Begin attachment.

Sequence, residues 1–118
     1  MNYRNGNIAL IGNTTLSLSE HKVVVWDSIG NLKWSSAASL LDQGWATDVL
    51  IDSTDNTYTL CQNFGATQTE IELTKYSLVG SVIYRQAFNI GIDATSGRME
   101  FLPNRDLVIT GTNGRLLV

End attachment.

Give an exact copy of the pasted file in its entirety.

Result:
Sequence, residues 1–118
     1  MNYRNGNIAL IGNTTLSLSE HKVVVWDSIG NLKWSSAASL LDQGWATDVL
    51  IDSTDNTYTL CQNFGATQTE IELTKYSLVG SVIYRQAFNI GIDATSGRME
   101  FLPNRDLVIT GTNGRLLV